Feature - Growing up & growing ar 

Whistler Arts Council comes of age

It looks like Whistler is growing up. After 40 years of chasing the Olympic rings, the Games are on their way. The struggle for recognition as one of the best ski resorts in the world is over. We have made it. But while for some people it may seem that we have finally arrived, for those people focused on the arts, Whistler is still on its way.

One of the hallmarks of a truly mature community is the provision of a balance of experiences. For the past four decades – maybe even longer – the emphasis in Whistler has been on the development of outdoor recreation opportunities. With that part of the equation figured out, the focus is shifting to cultural opportunities in the community.

Whistler has always been home to a number of enthusiastic, talented artists. But it has been a challenge for those artists to receive the recognition and resources required to support a strong arts community. Now, it looks like things are changing, and a revamped, revitalized Whistler Arts Council is leading the charge. At the same time, the Whistler Arts Council is being recognized as a role model for other councils throughout B.C.

The Whistler Community Arts Council has been around for over 20 years. Since 1982, their volunteers have worked tirelessly to provide arts and culture in Whistler and Pemberton. Every year, they have organized the Children’s Art Festival, the Missoula Children’s Theatre program, exciting performance series and numerous special events. They have also supported a number of local arts organizations and they have done all this with minimal financial support and maximum effort on the part of a core group of volunteers.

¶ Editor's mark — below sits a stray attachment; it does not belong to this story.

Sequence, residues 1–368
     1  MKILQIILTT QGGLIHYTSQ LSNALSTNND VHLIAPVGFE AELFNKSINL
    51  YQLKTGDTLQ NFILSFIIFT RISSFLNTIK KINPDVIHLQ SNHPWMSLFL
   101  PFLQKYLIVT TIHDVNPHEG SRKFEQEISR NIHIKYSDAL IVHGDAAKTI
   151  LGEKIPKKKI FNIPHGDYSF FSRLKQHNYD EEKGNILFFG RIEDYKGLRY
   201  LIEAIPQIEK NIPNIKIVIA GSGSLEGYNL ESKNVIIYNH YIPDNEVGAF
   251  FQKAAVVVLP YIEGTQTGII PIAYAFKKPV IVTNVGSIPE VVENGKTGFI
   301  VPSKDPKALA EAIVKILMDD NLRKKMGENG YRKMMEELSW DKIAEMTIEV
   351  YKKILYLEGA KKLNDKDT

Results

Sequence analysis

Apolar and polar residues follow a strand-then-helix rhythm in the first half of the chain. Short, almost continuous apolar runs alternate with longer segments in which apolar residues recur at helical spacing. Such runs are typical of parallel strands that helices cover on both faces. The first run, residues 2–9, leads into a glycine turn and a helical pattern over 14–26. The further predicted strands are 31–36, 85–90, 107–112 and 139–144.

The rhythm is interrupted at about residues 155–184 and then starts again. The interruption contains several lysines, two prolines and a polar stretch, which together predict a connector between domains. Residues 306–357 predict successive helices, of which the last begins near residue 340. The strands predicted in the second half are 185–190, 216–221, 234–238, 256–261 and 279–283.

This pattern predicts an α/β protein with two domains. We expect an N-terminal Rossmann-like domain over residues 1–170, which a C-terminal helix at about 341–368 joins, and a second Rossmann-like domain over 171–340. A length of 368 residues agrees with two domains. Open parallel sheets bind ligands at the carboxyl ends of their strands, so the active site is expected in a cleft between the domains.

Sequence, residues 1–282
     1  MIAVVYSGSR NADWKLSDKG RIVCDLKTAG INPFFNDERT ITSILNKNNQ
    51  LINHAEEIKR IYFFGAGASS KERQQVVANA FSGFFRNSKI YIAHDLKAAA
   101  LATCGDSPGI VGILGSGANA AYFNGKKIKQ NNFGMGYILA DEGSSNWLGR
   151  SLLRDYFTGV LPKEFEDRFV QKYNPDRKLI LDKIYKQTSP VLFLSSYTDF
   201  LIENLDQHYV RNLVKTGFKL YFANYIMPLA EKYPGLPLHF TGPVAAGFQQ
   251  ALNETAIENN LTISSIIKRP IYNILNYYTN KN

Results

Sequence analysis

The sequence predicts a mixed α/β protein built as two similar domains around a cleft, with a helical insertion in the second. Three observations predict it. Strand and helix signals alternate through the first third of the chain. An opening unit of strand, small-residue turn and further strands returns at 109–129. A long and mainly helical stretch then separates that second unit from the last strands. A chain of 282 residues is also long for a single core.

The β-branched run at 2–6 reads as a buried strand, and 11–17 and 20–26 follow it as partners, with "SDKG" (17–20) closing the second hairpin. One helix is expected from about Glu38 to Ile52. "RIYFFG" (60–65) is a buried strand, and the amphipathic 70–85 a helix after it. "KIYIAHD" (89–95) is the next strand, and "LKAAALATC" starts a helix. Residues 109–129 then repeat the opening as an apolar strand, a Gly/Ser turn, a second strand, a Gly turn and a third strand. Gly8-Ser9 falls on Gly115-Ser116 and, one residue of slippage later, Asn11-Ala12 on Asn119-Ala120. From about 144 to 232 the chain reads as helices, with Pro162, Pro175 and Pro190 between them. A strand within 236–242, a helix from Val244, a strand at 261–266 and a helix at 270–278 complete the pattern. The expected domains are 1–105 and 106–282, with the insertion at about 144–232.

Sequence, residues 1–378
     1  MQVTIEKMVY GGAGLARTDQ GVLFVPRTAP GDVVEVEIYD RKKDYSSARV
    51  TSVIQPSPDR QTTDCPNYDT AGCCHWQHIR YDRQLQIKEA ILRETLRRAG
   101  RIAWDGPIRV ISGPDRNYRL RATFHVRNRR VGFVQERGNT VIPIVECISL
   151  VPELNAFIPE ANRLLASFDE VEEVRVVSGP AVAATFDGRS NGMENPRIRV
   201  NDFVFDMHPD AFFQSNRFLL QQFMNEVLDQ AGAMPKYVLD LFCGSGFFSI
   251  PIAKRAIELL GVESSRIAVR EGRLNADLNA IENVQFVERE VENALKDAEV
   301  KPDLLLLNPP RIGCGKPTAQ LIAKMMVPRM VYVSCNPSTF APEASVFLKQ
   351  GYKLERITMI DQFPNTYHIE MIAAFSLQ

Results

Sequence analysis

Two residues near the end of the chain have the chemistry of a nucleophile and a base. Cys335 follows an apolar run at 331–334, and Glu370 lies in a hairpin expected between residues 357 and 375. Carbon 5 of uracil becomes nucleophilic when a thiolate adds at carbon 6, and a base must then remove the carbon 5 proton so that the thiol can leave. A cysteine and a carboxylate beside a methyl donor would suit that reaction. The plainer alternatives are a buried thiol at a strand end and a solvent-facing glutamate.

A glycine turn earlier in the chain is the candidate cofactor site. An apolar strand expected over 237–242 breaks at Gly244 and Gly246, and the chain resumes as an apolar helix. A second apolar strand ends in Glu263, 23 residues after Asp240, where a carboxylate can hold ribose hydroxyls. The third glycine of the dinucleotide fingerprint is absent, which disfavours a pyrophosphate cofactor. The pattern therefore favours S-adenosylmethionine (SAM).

Joan Richoz is one of the longest-standing members of the arts council. Over the past two decades, she has held every executive position on the council; she is currently the treasurer. Richoz says the original impetus behind the arts council was to provide children with the opportunity to work with professional artists. Beginning with the Children’s Art Festival, the council’s mandate grew over the years.

"As well as the Children’s Art Festival, we started organizing performances, art shows, author readings, the Missoula Children’s Theatre," says Richoz. "We also provided art awards and bursaries to children from Whistler and Pemberton."

One such bursary allowed a young boy from Pemberton to attend a summer camp with the National Ballet.

All this activity inevitably led to burnout. While many members of the arts council came and went, a small group of committed volunteers slogged away at the task of bringing art to a community that was more focused on moguls than music. There was never enough money, time or space for activities and, despite the arts council’s best efforts; there was a definite lack of co-ordination of cultural activities.

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